Many of these recorders can save files as smaller “compressed” files, usually in the MP2 or MP3 format. This can dramatically increase recording time, but a word of caution is in order. The convenience of compressed files is undeniable, and in many cases the sound of an MP2 or MP3 is of sufficient quality for many uses. But there’s a larger issue. “Lossy” compression like MP2 and MP3 is a cumulative process, and while one or two compressions are often barely noticeable, more can lead to highly unpleasant audio artifacts. MP2 is a very common delivery format in the broadcast world, and also a popular storage format in broadcast automation systems. Other types of compression are more common on the internet, or in satellite broadcast. So if you record to a compressed format in the field, it might sound just fine playing back, but if it’s recompressed for delivery to you r editor, and then recompressed for satellite delivery, and then again on the way into a storage system, your audio might “break” and start sounding metallic and gurgley. If your recording will be used in such a way that you’re sure there won’t be additional transcodings, you can likely use a compressed format with few negative consequences. But for broadcast or delivery over the internet, it is highly recommended to record in an uncompressed format, such as .wav. Be careful, you CAN record compressed MP2 files with the “.bwf” file extension, which stands for “Broadcast Wave File” but does NOT always indicate an uncompressed format. Make sure you are recording a 44.1 khz or 48 khz PCM file to be safest.
The Marantz PMD 660 has a street price of about $500, but comes with only a 64 meg Compact Flash memory card, which only gives you about 6 minutes of stereo .wav recording, so you’ll need to add a larger card. One and two gigabyte Compact Flash cards are readily available for a little under $100 per gig. Larger capacity “microdrives” are compatible, but reportedly draw more power and can be succeptible to bumps and vibration, although we have not had a chance to test any microdrives yet. The compact flash media seem impervious to movement of the recorder and even moderate bumping and shaking. The cover over the card slot, on the front of the unit, below the meters, feels a little flimsy, but if using the 660’s USB interface, the card would never need to be removed. The door can even be screwed shut for greater security for the small but expensive memory cards.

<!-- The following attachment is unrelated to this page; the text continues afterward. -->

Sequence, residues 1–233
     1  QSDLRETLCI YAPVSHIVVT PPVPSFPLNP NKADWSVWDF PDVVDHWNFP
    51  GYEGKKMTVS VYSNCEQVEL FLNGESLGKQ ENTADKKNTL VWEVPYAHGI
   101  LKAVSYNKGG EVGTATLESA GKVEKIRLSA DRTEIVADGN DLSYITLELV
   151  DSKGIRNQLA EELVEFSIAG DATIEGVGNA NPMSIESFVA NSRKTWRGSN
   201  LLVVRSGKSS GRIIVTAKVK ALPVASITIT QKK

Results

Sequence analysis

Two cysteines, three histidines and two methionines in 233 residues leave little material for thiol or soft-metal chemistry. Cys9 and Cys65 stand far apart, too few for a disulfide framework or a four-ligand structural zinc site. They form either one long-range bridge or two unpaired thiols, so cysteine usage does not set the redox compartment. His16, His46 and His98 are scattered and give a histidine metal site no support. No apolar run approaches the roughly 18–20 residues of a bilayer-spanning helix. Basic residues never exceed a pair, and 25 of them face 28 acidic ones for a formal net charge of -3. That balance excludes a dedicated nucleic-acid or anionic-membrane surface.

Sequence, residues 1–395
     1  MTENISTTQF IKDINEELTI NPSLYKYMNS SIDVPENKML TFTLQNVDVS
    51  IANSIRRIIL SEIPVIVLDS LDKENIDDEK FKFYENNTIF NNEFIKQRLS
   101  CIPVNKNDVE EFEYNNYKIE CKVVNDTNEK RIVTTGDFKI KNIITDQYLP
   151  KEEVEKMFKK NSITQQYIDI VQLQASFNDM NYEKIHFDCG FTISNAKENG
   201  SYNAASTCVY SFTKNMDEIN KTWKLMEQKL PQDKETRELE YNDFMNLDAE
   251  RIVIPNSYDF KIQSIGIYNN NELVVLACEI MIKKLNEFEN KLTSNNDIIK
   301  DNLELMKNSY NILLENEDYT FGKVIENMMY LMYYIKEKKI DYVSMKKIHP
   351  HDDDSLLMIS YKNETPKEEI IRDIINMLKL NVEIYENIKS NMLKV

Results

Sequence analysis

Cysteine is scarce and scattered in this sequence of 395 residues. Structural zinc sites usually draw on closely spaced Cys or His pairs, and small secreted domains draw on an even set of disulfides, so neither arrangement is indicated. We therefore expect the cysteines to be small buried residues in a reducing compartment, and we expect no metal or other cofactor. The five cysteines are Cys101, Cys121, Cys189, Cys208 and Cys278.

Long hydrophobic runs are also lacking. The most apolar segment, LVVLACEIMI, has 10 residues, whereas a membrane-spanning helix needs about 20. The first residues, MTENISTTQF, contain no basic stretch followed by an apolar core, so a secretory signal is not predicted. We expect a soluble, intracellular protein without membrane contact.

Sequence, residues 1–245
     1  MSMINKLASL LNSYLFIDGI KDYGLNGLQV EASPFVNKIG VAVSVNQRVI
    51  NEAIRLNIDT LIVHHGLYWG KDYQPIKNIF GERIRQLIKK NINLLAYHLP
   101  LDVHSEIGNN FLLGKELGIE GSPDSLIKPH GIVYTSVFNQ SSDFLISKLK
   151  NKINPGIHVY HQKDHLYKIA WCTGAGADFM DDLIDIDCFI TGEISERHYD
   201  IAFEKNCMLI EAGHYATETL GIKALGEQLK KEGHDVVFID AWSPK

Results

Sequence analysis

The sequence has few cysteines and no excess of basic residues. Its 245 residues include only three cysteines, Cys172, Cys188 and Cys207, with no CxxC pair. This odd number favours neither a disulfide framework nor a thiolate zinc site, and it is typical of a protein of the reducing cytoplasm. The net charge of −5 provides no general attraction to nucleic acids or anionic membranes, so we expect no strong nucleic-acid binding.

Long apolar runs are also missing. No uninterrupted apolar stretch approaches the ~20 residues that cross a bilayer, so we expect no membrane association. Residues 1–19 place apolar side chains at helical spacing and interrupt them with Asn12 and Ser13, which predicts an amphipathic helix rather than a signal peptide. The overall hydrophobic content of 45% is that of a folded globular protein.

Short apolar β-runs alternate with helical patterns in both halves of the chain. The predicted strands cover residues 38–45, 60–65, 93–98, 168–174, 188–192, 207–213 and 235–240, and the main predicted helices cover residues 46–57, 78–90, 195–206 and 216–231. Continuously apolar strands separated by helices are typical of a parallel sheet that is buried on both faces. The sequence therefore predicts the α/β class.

In short, the PMD 660 has a few shortcomings, but provides a good balance of price and features. The XLR mic inputs, phantom power and large input volume dial are real pluses, and the preset recording modes make it easy to use. The mic pre amps are decent quality when used with condenser mics,a little hissy with dynamics. Ergonomics are pretty good, with well-positioned, easy-to-read meters, and logical mic-jack placement. Transfer of files to a computer is fast and easy, although large file do take some time to move over USB. Although it’s not quite as small or inexpensive as consumer minidisc recorders, the professional inputs, easy file transfer, and good input volume control make this an attractive option.
The Marantz PMD 670 is larger and more expensive, and while it offers more recording options, such as recording to MP2, and a limiter, the 660 does most of what its big brother does, and provides a simpler, less intimidating interface and more convenient form. The Edirol R1 is a little smaller and less expensive, but does not offer XLR mic inputs or phantom power. The Fostex FR2 is about twice as expensive and much larger and heavier. The Sound Devices 722 is more than 4 times as expensive, but offers a large dedicated hard drive and superior input sonics. Any of those recorders will do the job, and might fit someone’s specific needs better, but the PMD 660 is a well-designed tool, especially for remote interviews and other newsgathering-type activities.